There are a lot of unexplained objects out there in the Universe, and astronomers have just found another one – a strange, dusty object that may be causing its host star to dim by up to 75 percent.
Often, when we see something block out the light of its star it's an exoplanet or asteroid. But in this case, the way the object is blocking the light from its star can't be explained by either option: It's both more erratic and more persistent.
Right now, what astronomers can say for sure about the object, known as TIC 400799224, is that it appears to be letting out a whole lot of dust.
TIC 400799224 is orbiting a star system around 2,300 light-years (725 parsecs) away and was first detected by the Transiting Exoplanet Survey Satellite (TESS), which is out hunting for small planets around our neighboring stars.
Using AI to sift through the data collected by TESS, astronomers accidentally stumbled across TIC 400799224 because its dust cloud caused its star to have a rapid drop in brightness of nearly 25 percent over a period of hours, followed by several variations in brightness that could be interpreted as an eclipse.
This would usually signal a disintegrating planet or orbiting body that's being broken down and releasing dust – something scientists are keen to learn more about. But after looking back through six years of data on the mysterious object, the team found that something strange is going on.
Firstly, TIC 400799224 isn't orbiting a single star system. Further examination shows it's orbiting a binary star system, in which one of the stars pulsates with a 19.77-day period.
While that periodicity seems pretty reliable, the object that dims the light is erratic in its shape, depth, and duration – which is why the astronomers assume it's most likely caused by some kind of orbiting body that periodically emits clouds of dust. But it's not clear what exactly that object is.
"The nature of the orbiting body itself is puzzling because the quantity of dust emitted is large; if it were produced by the disintegration of an object like the asteroid Ceres in our Solar System, it would survive only about eight thousand years before disappearing," a press release from the Harvard-Smithsonian Center for Astrophysics explains. One of the Center's astronomers, Karen Collins, was involved in the study.
"Yet remarkably, over the six years that this object has been observed, the periodicity has remained strict and the object emitting the dust apparently has remained intact."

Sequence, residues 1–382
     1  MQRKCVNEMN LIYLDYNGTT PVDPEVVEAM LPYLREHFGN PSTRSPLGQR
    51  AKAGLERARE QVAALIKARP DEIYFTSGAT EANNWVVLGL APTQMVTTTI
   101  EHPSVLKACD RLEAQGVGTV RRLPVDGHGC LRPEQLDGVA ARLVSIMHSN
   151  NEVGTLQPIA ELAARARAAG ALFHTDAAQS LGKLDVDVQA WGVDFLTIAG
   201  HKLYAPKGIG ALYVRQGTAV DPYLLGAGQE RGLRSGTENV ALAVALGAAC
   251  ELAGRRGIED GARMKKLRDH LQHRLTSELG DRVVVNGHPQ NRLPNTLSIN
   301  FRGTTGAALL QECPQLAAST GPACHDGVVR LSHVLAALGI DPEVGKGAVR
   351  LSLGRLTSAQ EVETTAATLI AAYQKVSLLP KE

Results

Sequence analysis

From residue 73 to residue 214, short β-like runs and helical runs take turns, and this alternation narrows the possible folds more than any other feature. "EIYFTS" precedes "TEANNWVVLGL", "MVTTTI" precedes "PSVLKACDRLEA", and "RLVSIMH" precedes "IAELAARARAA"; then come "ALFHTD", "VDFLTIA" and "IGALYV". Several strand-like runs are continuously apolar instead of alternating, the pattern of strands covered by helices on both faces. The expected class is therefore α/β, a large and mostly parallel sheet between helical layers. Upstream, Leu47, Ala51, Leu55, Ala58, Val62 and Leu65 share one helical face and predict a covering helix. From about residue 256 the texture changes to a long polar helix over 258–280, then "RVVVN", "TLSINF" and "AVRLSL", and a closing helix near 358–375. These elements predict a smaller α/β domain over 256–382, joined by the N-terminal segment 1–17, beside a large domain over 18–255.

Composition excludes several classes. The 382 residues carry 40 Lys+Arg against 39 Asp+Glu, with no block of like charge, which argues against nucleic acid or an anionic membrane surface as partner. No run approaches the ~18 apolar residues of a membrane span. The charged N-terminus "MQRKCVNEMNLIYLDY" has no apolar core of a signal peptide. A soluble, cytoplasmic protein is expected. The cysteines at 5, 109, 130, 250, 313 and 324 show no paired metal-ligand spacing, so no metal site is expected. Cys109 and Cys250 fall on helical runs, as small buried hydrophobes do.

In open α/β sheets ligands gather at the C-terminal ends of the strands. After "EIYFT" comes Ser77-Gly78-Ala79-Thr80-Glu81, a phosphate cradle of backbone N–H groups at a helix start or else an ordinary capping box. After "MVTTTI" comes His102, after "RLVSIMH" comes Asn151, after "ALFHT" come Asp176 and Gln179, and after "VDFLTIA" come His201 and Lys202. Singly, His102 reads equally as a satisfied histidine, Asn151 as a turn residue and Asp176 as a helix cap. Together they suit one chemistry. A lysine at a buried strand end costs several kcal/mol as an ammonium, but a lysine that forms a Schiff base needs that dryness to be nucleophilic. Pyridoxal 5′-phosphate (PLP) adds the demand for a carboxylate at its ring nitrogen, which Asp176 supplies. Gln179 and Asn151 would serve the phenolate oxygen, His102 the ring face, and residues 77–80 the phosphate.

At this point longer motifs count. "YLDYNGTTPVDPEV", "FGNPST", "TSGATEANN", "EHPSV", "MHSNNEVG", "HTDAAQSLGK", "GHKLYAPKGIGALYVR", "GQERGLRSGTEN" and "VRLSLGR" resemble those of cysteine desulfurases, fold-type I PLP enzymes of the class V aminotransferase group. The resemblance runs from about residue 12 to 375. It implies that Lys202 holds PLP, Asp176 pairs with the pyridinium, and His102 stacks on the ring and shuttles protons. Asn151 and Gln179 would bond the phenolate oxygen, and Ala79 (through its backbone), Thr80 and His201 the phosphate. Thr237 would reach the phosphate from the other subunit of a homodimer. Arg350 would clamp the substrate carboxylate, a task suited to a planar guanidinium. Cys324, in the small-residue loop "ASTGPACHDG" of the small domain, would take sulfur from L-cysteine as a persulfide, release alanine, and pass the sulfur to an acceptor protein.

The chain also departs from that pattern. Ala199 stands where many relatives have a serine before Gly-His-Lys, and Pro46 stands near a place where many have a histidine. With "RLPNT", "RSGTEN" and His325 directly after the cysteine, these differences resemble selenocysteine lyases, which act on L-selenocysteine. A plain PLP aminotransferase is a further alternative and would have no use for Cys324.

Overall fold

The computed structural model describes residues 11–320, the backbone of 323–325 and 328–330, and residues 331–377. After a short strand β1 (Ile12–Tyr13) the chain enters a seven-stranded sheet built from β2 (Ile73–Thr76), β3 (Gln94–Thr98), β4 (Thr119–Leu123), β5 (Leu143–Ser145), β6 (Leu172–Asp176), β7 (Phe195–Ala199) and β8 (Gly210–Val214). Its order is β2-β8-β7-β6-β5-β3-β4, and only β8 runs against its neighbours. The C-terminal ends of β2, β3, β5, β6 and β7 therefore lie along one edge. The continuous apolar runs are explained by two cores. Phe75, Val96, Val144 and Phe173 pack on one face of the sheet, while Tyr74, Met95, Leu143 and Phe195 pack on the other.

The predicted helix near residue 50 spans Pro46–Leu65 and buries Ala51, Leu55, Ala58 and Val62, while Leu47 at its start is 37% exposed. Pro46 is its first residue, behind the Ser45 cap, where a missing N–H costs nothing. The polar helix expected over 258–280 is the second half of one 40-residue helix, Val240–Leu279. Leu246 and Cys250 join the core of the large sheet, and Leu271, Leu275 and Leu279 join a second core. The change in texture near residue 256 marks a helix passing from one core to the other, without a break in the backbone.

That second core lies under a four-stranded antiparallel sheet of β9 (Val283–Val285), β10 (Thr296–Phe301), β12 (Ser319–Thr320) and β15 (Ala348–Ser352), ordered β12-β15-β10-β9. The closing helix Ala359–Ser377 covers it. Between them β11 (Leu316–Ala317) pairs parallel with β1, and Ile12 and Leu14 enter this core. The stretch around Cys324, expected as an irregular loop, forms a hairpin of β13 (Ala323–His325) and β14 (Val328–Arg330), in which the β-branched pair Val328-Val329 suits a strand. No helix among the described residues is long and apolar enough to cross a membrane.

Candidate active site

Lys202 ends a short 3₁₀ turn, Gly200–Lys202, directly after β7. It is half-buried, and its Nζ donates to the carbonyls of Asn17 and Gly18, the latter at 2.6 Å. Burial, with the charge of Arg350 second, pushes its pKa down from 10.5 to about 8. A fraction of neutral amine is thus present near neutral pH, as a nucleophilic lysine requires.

It's also not clear which of the two stars the mysterious object is orbiting, which brings us to another odd thing about this discovery – the originally noticed 25 percent dip in brightness was just a limited example of what TIC 400799224 can do.
Depending on which of the two stars is its true host, the dust the object emits is blocking up to 37 percent or 75 percent of the light from its host star, the researchers explain in The Astronomical Journal.
After crunching the numbers, the researchers do have a few leads. They suggest the data best fits one of the stars being pre-main-sequence, which means the star is still gathering mass from its surrounding envelope of dust and gas, often in the form of a disk around the star.
The team also looked into three possible explanations for the weird dust in their study: 1. disintegration of an object as it passes directly from a solid into a gas state (known as sublimation); 2. collisions with a minor planet-like object releasing sporadic dust clouds; and 3. dust being shepherded by a planet embedded in the star's disk.
The most likely explanation, the team concludes, is the second one – that some planet-like object is colliding around the star and blasting off a whole lot of dust every time it does. This could help explain the regular periodicity of the dust cloud and also the variation in depths.
In the past, similar discoveries had ended up being 'disintegrating planets', but the team felt this data was different enough that this isn't likely what we're seeing here.
"Its detailed properties differ in significant ways from the other objects," the team writes, suggesting "TIC 400799224 may be in a category of its own."
The team plans to continue monitoring the object – and the good news is that it's bright enough that anyone should be able to add their own observations with a decent telescope from their backyard.
Hopefully in the coming years we'll find out more about what's going on with TIC 400799224.
The research has been published in The Astronomical Journal.